Geologic (microbial plus abiogenic, thermally stable to 300°C or 300 km depth) CH4 is transported upward, attested to by its association with helium, to contribute to subterrestrial petroleum pools and methane-hydrates beneath the sea floor. Near or at the surface, geologic CH4 mixes with other natural CH4 from wetlands, termites, open ocean, marine sediments and wild fires, and with anthropogenic CH4 from rice paddies, animals, manure, landfills, waste water treatment, biomass burning and coal mining. Some of this CH4 is emitted into the atmosphere at current annual rates of ~500 Tg (teragrams), of which ~ 200 Tg are natural and ~ 300 Tg are man-made. The atmospheric lifetime of CH4, a greenhouse gas 20 times more effective than CO2 in raising global temperatures, is approximately ten years. It is removed from the atmosphere mainly by reactions with the hydroxyl radicals (OH) in the troposphere to form CO2, but also by dry soil and by conversion to H2O in the stratosphere and mesosphere. The current trend in anthropogenic CH4-increase is a contemporary analogue of a "methane burp" some 55 million years ago, when three trillion tons of CH4 out of 15 trillion tons that had formed beneath the sea floor were released into the atmosphere within a few thousand years. The consequence was a greenhouse effect that raised the atmospheric temperatures by 9-12°C which, in turn, allowed modern mammals, the ancestors of horses, cows, deer, apes, and humans, be brought to global dominance. What prevented this CH4-induced greenhouse effect from running away?

TC said...

[That question have you gripping the edge of your seat, does it?]

et seq.:

CH4, in contrast to CO2 and other greenhouse gases, has the unique property of being partly converted to H2O by cosmic radiation in the mesosphere. H2O, in turn, condenses into visible clouds in the presence of cloud nuclei at temperatures that fall below the saturation temperature at given concentrations. Clouds, by virtue of their albedo, prevent sunlight from reaching the lower atmosphere and the earth’s surface and thus lower the global temperature. The current CH4-doubling over the past century resulted in an increase in upper level H2O from 4.3 ppmv to 6 ppmv. This 30% increase in H2O vapor yielded a tenfold increase in brightness of polar mesospheric clouds because of a strong dependence of the ice particle nucleation rate on the water saturation ratios. Models show that at a given temperature the optical depth of mesospheric clouds scales as [H2O]b with b varying between 4 and 8. Radiative transfer tools applied to mesospheric cloud particles suggest that an optical depth of approximately one, or 1000 times the current mesospheric cloud optical depth, would result in tropospheric cooling of about 10°C. Assuming b = 6, a thousandfold increase in optical thickness would require a three-fold increase of H2O, or a 20-fold increase of CH4. At the current rate of anthropogenic emissions this is expected to occur within the next millennium. This timescale is also commensurate with what has been assumed for the CH4-burp 55 million years ago.

TC said...

But that's just one theory. Another, proposed by a Cal Tech researcher, posits that the PMCs are celestial magnetic vacuum cleaners, sweeping up metal dust from the upper atmosphere:

Caltech Scientist Proposes Explanation for Puzzling Property of Night-Shining Clouds at the Edge of Space

An explanation for a strange property of noctilucent clouds -- thin, wispy clouds hovering at the edge of space at 85 km altitude -- has been proposed by an experimental plasma physicist at the California Institute of Technology (Caltech), possibly laying to rest a decades-long mystery.

Noctilucent clouds, also known as night-shining clouds, were first described in 1885, two years after the massive eruption of Krakatoa, a volcanic island in Indonesia, sent up a plume of ash and debris up to 80 km into Earth's atmosphere. The eruption affected global climate and weather for years and may have produced the first noctilucent clouds.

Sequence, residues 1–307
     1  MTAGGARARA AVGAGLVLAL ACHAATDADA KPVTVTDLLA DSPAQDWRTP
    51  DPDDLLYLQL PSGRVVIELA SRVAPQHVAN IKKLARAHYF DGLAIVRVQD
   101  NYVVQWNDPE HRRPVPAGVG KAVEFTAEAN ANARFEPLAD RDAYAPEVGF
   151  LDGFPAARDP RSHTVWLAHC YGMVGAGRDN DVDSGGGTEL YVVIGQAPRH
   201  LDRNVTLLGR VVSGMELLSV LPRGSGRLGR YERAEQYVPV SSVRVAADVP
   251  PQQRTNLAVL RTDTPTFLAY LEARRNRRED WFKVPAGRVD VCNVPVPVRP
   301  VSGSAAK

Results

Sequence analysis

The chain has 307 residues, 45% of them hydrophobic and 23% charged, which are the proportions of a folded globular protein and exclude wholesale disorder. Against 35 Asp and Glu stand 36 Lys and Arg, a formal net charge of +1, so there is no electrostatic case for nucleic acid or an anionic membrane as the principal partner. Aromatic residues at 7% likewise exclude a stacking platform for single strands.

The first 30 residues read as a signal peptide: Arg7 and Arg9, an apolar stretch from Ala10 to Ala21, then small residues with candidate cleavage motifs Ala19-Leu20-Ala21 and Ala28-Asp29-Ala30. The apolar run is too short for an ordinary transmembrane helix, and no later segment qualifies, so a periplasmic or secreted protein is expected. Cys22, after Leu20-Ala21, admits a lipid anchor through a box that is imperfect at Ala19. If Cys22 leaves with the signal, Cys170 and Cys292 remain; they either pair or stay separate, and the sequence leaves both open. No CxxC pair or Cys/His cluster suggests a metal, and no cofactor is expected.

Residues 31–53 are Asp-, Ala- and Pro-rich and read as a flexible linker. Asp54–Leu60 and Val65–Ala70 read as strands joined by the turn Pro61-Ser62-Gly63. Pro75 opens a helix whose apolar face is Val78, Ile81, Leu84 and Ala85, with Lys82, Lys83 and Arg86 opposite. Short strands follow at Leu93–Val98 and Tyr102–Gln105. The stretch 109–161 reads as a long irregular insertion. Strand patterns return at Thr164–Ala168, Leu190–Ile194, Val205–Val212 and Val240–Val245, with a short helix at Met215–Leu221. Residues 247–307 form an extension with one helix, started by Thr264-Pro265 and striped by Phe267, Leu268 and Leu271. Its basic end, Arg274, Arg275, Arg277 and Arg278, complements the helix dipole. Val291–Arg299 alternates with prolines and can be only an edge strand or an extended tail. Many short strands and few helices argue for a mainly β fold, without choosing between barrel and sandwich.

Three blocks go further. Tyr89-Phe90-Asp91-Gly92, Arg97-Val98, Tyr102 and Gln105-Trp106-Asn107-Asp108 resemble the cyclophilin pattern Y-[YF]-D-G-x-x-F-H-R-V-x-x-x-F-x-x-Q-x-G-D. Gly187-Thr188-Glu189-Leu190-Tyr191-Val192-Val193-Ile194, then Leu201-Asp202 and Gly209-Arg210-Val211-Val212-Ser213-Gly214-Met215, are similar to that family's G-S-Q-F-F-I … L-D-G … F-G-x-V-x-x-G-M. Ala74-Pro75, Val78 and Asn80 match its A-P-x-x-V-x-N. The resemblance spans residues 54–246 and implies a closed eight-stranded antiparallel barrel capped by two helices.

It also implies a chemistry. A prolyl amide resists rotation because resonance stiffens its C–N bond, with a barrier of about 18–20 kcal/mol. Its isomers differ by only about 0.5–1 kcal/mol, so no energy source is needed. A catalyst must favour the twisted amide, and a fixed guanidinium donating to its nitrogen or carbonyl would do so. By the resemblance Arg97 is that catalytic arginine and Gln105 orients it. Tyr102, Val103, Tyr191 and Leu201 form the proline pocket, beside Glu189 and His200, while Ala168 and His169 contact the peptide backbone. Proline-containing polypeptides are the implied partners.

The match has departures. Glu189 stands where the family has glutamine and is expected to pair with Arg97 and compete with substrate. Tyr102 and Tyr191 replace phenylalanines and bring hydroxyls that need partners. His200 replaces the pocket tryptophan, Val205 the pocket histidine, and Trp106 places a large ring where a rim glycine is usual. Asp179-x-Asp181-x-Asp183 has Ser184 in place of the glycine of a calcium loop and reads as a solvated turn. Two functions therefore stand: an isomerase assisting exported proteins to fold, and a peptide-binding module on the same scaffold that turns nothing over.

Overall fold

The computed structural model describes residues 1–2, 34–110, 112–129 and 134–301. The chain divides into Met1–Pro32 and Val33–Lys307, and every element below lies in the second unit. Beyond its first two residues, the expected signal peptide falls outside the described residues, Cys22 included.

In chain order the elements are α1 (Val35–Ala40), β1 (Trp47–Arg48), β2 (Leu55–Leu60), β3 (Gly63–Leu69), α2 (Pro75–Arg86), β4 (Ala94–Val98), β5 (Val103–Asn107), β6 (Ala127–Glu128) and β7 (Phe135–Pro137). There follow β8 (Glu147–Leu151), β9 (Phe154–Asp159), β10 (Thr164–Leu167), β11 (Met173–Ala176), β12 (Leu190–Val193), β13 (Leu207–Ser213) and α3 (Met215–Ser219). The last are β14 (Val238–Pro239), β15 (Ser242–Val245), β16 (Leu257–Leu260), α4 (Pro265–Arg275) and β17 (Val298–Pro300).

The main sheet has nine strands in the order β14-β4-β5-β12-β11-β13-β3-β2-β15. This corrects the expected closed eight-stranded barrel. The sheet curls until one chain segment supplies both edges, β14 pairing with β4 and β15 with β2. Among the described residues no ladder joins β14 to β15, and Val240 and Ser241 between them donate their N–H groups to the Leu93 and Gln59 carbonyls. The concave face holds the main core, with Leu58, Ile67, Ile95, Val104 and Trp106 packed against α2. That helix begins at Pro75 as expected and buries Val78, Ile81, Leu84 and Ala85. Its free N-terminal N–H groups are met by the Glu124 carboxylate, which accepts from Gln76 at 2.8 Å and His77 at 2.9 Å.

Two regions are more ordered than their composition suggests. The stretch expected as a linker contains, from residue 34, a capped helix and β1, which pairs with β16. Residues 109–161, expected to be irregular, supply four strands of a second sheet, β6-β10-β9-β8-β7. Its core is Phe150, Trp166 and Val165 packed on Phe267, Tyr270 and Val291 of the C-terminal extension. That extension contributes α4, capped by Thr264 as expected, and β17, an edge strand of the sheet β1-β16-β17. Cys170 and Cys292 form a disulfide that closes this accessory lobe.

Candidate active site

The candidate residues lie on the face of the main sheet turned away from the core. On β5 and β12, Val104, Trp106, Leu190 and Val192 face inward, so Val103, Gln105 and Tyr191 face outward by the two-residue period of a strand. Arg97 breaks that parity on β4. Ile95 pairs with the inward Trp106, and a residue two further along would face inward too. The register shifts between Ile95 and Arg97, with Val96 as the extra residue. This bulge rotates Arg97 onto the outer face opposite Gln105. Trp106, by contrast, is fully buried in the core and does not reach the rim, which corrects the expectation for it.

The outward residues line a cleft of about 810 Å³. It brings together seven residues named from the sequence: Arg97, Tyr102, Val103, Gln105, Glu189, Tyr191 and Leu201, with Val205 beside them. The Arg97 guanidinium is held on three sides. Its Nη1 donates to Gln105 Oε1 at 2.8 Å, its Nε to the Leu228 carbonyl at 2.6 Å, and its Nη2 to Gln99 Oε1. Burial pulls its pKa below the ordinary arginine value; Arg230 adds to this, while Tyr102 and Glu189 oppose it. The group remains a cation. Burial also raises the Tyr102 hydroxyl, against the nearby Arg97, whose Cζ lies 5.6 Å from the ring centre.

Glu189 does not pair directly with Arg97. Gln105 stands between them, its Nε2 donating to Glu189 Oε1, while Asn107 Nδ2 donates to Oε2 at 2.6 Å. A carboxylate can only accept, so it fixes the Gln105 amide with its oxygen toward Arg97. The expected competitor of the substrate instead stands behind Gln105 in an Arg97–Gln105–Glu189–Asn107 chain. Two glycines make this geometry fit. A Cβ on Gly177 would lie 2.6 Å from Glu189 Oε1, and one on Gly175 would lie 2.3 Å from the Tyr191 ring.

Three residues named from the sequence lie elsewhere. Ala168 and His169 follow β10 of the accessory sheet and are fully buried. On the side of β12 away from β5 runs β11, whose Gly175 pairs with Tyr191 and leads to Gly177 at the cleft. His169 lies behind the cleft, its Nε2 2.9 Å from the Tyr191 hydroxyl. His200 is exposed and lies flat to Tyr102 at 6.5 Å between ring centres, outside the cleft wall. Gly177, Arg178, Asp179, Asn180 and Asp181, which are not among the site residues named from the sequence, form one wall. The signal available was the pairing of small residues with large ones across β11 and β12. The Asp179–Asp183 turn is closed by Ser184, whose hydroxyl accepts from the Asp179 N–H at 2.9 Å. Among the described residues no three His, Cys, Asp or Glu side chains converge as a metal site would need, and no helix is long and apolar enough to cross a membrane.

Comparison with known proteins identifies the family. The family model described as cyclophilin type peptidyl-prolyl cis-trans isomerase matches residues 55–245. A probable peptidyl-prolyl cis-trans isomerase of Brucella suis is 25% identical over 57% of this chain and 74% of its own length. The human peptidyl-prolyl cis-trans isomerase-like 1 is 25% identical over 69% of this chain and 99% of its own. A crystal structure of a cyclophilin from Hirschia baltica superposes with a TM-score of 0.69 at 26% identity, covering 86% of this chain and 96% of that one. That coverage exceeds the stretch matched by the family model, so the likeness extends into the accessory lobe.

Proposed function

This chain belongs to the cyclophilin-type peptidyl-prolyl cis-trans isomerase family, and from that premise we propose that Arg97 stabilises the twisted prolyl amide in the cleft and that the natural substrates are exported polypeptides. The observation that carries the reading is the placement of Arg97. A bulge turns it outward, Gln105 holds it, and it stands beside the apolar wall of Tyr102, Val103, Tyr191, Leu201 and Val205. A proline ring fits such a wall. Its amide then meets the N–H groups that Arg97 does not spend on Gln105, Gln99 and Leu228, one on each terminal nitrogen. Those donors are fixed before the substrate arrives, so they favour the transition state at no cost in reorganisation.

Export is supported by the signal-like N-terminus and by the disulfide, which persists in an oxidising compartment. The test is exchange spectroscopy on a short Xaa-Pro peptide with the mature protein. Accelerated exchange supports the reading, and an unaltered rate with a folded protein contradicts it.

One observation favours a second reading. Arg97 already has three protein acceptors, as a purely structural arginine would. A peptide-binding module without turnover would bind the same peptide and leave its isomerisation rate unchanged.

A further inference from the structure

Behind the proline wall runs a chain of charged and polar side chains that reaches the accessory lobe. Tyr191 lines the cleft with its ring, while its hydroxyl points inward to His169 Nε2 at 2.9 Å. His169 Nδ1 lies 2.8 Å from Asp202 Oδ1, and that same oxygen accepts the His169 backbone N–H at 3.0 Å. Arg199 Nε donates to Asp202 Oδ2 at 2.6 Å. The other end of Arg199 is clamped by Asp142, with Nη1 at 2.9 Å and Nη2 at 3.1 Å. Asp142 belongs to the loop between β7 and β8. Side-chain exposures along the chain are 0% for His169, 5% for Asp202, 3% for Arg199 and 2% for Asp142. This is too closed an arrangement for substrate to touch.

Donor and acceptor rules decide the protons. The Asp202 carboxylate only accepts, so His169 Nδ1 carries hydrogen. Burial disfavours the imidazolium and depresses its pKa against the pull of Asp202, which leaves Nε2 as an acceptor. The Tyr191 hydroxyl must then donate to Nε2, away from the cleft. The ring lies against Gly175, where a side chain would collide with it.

The effects of Krakatoa eventually faded, but the unusual electric blue clouds remain, nestled into a thin layer of Earth's mesosphere, the upper atmosphere region where pressure is 10,000 times less than at sea level. The clouds, which are visible during the deep twilight, are most often observed during the summer months at latitudes from 50 to 70 degrees north and south -- although in recent years they have been seen as far south as Utah and Colorado. Noctilucent clouds are a summertime phenomenon because, curiously, the atmosphere at 85 km altitude is coldest in summer, promoting the formation of the ice grains that make up the clouds.

"The incidence of noctilucent clouds seems to be increasing, perhaps because of global warming," says Paul M. Bellan, a professor of applied physics at Caltech.

Twenty-five years ago, researchers at Poker Flat, Alaska, discovered that the clouds were highly reflective to radar. This unusual property has long puzzled scientists. Bellan, reporting in the August issue of the Journal of Geophysical Research-Atmospheres, now has an explanation: the ice grains in noctilucent clouds are coated with a thin film of metal, made of sodium and iron. The metal film causes radar waves to reflect off ripples in the cloud in a manner analogous to how X-rays reflect from a crystal lattice.

Sodium and iron atoms collect in the upper atmosphere after being blasted off incoming micrometeors. These metal atoms settle into a thin layer of vapor that sits just above the altitude at which noctilucent clouds occur. Astronomers recently have been using the sodium layer to create laser-illuminated artificial guide stars for adaptive optics telescopes that remove the distorting affects of atmospheric turbulence to produce clearer celestial images.

Measurements of the density of sodium and iron atomic vapor layers show that the metal vapor is depleted by over 80 percent when noctilucent clouds are present. "Noctilucent clouds have been shown to act very much like a flycatcher for sodium and iron atoms," Bellan says. Indeed, in laboratory experiments, other researchers have found that at the frigid temperatures (-123 degrees Celsius) within noctilucent clouds, atoms in sodium vapor quickly become deposited on the surface of ice to form a metallic film.

"If you have metal-coated ice grains in noctilucent clouds, the radar reflectivity can become enormous" he says. "This reflectivity is not the sum of reflections from individual ice grains, which would not produce a very large reflection. Instead, what happens is that ripples in the cloud of metal-coated ice grains reflect in unison and reinforce each other, somewhat like an army marching in step across a bridge causes the bridge to vibrate."